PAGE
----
This networking reception will provide an informal setting in which scientists can establish links with outstanding early career researchers and established scientists; offering an opportunity for young scientists to find answers to specific questions, which often cannot be found in your usual textbook. It offers a great opportunity for medallists to share their experience with researchers embarking on their academic career. To attend the reception, you need to register for the event in advance via this online form. Places at the reception are limited and will be allocated on a first come, first served basis. Your place is guaranteed only once you receive a confirmation email from the EGU Communications Officer, Laura Roberts.

Sessions for YS at the General Assembly

In addition to the above networking events, there are a number of other sessions catering the YS. A short list of these sessions with a strong YS focus can be found here. Of special interest are the two career workshops, focussing on: 1) Adding value to your research experience, and 2) Job applications and interviews. Note that you must register for the workshops in advance via the links provided!

What to see at EGU?: A Voyage Through Scales

Within a week the EGU General Assembly will kick off! This year the topic will be A Voyage Through Scales. For those that will attend for the first time, the scale of EGU itself may be impressive enough already. So how do you decide where to go? Here we hope to point you to a few interesting sessions, in case you get completely lost.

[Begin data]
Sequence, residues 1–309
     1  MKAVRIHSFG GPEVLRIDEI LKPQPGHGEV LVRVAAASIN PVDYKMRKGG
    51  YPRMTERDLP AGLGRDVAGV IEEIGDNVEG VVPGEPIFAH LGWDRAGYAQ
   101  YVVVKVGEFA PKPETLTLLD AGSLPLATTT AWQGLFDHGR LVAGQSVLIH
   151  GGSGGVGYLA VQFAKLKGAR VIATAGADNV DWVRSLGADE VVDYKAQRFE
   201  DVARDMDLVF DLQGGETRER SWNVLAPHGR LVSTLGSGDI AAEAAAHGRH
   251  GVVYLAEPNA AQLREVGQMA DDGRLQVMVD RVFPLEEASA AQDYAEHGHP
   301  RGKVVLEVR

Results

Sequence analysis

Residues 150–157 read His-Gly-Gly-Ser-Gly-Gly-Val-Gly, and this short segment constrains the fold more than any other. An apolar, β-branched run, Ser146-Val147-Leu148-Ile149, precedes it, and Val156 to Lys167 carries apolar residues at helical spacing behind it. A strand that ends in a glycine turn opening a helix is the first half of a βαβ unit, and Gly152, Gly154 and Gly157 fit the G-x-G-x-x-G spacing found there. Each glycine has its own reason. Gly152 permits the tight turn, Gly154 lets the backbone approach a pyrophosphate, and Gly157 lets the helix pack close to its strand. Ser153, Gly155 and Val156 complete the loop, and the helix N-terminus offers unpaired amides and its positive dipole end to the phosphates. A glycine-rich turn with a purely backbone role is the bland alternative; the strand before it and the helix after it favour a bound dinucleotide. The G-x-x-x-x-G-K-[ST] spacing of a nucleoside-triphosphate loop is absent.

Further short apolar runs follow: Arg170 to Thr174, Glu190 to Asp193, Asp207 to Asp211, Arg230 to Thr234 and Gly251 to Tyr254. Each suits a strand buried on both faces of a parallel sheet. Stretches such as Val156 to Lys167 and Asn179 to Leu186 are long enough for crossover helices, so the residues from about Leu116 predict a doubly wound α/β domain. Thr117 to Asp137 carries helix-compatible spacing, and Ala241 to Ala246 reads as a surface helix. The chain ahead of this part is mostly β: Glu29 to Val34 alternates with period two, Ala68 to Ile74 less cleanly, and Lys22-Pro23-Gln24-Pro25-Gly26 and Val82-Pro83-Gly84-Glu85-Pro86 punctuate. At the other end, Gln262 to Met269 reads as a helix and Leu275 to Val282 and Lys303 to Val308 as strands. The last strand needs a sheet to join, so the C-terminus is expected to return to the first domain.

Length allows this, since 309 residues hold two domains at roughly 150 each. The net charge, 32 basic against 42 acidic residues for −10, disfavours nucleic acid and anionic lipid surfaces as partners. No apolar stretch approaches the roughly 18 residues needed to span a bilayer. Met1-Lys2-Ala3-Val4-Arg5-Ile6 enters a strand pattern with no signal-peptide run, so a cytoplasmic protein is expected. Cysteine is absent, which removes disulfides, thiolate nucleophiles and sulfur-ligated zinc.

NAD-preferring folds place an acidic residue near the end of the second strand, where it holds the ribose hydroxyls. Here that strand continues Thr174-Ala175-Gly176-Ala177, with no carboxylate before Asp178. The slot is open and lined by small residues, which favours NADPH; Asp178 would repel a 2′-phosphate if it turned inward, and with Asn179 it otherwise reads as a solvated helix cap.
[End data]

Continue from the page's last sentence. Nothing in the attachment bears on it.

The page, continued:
A number of events will take place concerned with this year’s theme: A Voyage Through Scales. Zoom into a cloud. Zoom out of a rock. Watch the volcano explode, the lightning strike, an aurora undulate. Imagine ice sheets expanding, retreating – pulsating – while continents continue their leisurely collisions. Everywhere there are structures within structures … within structures. A voyage through scales is an invitation to contemplate the earth’s extraordinary variability extending from milliseconds to its age, from microns to the size of the planet. The range of scales in space, in time – in space-time – is truly mindboggling. Their complexity challenges our ability to measure, to model to comprehend.